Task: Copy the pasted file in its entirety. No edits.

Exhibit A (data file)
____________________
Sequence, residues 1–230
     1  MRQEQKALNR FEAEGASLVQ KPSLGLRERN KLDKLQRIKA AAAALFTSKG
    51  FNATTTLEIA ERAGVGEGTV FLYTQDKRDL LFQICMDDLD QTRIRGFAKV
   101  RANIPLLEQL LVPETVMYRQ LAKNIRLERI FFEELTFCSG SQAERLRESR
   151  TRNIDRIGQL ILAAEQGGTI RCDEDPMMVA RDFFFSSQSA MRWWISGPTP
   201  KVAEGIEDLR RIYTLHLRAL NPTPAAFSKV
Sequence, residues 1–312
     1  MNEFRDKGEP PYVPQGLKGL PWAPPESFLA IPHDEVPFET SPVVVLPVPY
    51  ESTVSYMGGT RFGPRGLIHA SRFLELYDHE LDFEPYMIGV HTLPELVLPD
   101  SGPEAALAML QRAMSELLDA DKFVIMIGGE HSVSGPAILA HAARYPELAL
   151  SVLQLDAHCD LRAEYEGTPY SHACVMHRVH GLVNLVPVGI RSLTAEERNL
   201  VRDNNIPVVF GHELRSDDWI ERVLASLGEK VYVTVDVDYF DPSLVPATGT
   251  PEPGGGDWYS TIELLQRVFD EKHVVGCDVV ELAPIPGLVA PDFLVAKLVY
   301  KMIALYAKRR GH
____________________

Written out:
Sequence, residues 1–230
     1  MRQEQKALNR FEAEGASLVQ KPSLGLRERN KLDKLQRIKA AAAALFTSKG
    51  FNATTTLEIA ERAGVGEGTV FLYTQDKRDL LFQICMDDLD QTRIRGFAKV
   101  RANIPLLEQL LVPETVMYRQ LAKNIRLERI FFEELTFCSG SQAERLRESR
   151  TRNIDRIGQL ILAAEQGGTI RCDEDPMMVA RDFFFSSQSA MRWWISGPTP
   201  KVAEGIEDLR RIYTLHLRAL NPTPAAFSKV
Sequence, residues 1–312
     1  MNEFRDKGEP PYVPQGLKGL PWAPPESFLA IPHDEVPFET SPVVVLPVPY
    51  ESTVSYMGGT RFGPRGLIHA SRFLELYDHE LDFEPYMIGV HTLPELVLPD
   101  SGPEAALAML QRAMSELLDA DKFVIMIGGE HSVSGPAILA HAARYPELAL
   151  SVLQLDAHCD LRAEYEGTPY SHACVMHRVH GLVNLVPVGI RSLTAEERNL
   201  VRDNNIPVVF GHELRSDDWI ERVLASLGEK VYVTVDVDYF DPSLVPATGT
   251  PEPGGGDWYS TIELLQRVFD EKHVVGCDVV ELAPIPGLVA PDFLVAKLVY
   301  KMIALYAKRR GH